Wong said he might spend $150 to buy a ton of plastic scrap from a US recycler. Once it is shipped abroad, sold to a processor, turned into pellets and then again shipped to a manufacturer, the seller might ask as much as $800 per ton.
Yet the cost of similar virgin plastic, which is often higher quality, is just $900 to $1,000 a ton.
Wong believes the answer in the future will be to process the material closer to the United States. That is why he has planned trips to meet with government officials in the Dominican Republic and Haiti, and why, on a recent Wednesday, Wong crisscrossed back and forth through heavy traffic in the Mexican city of Monterrey, located about 150 miles south of Laredo, Texas.
Wong, a trim 61-year-old dressed head-to-toe in khaki like a safari hunter, was working to set up a new plastics recycling factory for an investor who hopes to one day process US plastic.
At one reseller – a corrugated-metal warehouse piled floor-to-ceiling with plastic that included shimmery sheaths of wrapping from US retail stores – Wong wanted to test the quality of the supply. He filled a baggie with ground-up flakes of black plastic from picking crates, then took a cigarette lighter and lit one of the flakes on fire. He carefully sniffed the smoke to get a sense of what variety of plastic it was.
At Wong’s next stop, an existing Monterrey recycling processor, you could get a sense of the work the new factory might do.
A rudimentary plastic processing machine stretched 40ft across the bare dirt of the warehouse floor. The processor takes rejected car parts and grinds them up into confetti-sized flakes. Workers feed these flakes into a flume that channels them past a heater to melt them. The melted plastic is pressed into long, white strings, which are stretched across the room and allowed to harden. At that point, they are chopped into pellets a little bigger than rice grains.
Wong said he would like to build more modern factories with up-to-date systems for eliminating toxic releases to the air and water. But he said he was sure that many of his less scrupulous competitors would keep exporting on the cheap. He suggested that even in countries that had banned plastic imports, the material continued to be smuggled in.
“Recyclers have set up factories in all these countries, but they don’t have enough supply. So, even though it is smuggling, even though it is not legal, they still have to do what it takes to get the plastic.”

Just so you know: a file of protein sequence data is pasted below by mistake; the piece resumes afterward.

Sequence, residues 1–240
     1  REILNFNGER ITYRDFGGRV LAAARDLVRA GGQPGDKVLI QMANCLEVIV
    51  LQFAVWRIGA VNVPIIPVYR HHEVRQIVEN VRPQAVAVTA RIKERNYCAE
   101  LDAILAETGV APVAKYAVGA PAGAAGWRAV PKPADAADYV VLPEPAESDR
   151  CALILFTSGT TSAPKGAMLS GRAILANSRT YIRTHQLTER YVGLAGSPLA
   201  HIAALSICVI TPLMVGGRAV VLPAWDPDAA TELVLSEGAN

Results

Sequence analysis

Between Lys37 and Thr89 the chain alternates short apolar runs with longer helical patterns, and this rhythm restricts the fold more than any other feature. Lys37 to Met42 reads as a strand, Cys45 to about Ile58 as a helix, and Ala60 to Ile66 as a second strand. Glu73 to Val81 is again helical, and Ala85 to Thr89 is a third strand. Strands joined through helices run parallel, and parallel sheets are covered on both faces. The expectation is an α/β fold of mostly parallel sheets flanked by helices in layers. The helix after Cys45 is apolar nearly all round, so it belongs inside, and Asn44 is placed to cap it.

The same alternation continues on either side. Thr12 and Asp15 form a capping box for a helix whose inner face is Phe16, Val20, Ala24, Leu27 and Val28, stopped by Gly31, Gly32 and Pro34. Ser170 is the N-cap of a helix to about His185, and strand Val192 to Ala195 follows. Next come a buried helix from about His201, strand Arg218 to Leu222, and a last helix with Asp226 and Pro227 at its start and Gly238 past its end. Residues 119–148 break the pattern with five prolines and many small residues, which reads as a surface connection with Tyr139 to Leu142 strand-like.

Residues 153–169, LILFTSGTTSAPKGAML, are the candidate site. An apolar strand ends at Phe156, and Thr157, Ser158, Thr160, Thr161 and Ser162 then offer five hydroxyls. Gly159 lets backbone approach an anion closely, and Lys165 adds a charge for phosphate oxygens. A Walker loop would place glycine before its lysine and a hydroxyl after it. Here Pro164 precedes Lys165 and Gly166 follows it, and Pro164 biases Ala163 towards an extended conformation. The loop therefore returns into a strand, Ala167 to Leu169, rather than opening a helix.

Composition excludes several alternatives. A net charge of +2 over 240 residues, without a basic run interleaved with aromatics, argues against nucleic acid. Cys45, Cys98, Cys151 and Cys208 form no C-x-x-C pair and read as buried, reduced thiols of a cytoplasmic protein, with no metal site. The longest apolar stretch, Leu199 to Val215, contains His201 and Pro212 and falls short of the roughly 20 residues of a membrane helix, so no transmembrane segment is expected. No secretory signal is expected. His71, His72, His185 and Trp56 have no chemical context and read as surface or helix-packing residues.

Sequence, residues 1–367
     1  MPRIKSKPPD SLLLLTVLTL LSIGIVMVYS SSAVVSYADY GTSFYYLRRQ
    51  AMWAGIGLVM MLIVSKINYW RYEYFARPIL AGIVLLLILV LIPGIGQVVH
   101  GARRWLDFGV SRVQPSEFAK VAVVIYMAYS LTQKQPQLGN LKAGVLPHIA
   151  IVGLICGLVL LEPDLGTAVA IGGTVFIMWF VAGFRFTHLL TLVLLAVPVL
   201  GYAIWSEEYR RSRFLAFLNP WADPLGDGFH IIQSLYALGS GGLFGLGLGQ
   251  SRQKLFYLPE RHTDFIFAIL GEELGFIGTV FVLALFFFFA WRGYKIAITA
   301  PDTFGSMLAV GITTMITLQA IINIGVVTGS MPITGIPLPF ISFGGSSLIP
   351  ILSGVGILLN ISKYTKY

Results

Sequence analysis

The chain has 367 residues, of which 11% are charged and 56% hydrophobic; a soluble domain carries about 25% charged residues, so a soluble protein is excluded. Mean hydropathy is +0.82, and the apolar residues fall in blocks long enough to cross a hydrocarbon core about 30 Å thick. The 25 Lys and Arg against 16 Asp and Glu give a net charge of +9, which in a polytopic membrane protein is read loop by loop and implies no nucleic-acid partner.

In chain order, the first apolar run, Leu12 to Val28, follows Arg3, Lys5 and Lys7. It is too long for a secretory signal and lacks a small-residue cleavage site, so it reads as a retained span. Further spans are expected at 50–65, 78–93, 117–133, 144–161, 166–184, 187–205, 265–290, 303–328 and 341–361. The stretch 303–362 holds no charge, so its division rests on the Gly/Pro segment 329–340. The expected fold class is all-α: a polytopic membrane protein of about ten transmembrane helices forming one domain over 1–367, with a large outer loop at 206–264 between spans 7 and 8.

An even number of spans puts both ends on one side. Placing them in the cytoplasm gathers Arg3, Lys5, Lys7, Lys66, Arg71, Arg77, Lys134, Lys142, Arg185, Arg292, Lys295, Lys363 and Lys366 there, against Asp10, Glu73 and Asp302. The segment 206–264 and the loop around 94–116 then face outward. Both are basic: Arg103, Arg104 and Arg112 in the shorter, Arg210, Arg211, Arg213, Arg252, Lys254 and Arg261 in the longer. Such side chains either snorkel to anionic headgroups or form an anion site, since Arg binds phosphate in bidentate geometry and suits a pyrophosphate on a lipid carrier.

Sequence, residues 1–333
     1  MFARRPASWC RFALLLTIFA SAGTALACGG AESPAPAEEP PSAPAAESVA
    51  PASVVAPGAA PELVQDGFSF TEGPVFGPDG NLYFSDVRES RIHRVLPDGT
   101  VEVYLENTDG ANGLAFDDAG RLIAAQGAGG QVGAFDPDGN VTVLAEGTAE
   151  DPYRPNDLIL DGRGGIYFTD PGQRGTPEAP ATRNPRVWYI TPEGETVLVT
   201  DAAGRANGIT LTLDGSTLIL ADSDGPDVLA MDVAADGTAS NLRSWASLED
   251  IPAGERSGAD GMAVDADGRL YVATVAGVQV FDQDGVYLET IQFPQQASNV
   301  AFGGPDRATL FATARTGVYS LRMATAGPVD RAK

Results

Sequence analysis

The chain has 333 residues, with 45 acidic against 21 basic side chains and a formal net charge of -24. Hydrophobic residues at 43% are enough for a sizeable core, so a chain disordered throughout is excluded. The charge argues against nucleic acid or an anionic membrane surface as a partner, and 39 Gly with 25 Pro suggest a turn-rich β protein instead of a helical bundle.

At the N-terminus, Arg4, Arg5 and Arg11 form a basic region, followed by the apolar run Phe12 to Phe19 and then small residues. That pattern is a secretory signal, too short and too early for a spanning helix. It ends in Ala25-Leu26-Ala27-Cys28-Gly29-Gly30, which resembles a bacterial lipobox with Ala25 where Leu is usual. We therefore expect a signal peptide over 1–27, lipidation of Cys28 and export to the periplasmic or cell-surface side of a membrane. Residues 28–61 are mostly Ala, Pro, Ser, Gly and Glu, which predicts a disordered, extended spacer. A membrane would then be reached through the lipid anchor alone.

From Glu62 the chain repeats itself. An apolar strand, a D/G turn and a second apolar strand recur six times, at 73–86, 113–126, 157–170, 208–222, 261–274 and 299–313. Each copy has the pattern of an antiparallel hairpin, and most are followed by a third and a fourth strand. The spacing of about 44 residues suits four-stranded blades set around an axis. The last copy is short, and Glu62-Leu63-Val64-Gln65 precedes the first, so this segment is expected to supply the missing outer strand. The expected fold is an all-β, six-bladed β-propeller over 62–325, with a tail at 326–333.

With US plastic landing in countries that have never seen it in such quantities, local residents are crying foul.
In the Philippines, about 120 shipping containers a month are arriving in Manila and an industrial zone in the former US military base at Subic Bay. Records indicate they were filled with plastic scrap shipped from such places as Los Angeles, Georgia and the Port of New York-Newark.
From the Manila port, shipping records and Philippines customs documents show, some of the US plastic was transported to Valenzuela City. The area, on the outskirts of the Philippine capital, is known as “Plastic City” and residents are increasingly concerned about the number of processing factories sprouting in their midst.
“You smell that?” said a shopkeeper, Helen Lota, 47, as she stood in front of her neighborhood convenience store at noon one day last month. “That’s nothing. It’s worse towards evening. It gets suffocating,”
“There are times it’s really hard to breathe. Many of us here are getting sick,” said Lota. “I had my daughter’s cough checked in the hospital. But the X-ray is clear. The coughing must be caused by the smell.”
Noticing Lota complaining about the plastic problem, passersby stopped to chime in. “My mother’s cough won’t go away, probably because of the smell,” said Renante Bito, 38.
Yet recycling is also one of the area’s biggest income sources. Officials and residents interviewed by the Guardian said they had assumed the plastic being processed in their town was the Philippines’ own waste. None realized that some of it was being shipped from the US. Representatives for the factories receiving US waste declined to be interviewed.
In Turkey, US plastic imports may be putting an entire profession at risk. Since China closed its doors, the amount of plastic recycling Turkey takes in from abroad has soared, from 159,000 to 439,000 tons in two years.
Each month, about 10 ships pull into the ports of Istanbul and Adana, carrying about 2,000 tons of cheap US scrap plastic that is no longer wanted by China. Most of it comes from the ports of Georgia, Charleston, Baltimore and New York. Some of it is described in shipping records as “Walmart film scrap”, the clear cling wrap used to secure huge pallets of products sold by Walmart. (Walmart declined to comment on the issue.) These cargo ships join dozens of others from the UK and other European countries.
Their arrival is closely watched by Turkey’s scrap pickers, who number in the hundreds of thousands and travel the streets collecting scraps from houses and businesses to resell to factories for manufacturing into products such as plastic bags.
Now, the scrap pickers say, the factories are buying cheaper and cleaner plastic from the foreign recycling coming in on ships. Piles of their unsold, locally collected plastic are building up in urban storage yards. They have organized a campaign to stop the flood of foreign plastic, getting friends who work in the port to take videos of materials being offloaded and conducting their own ad hoc investigations.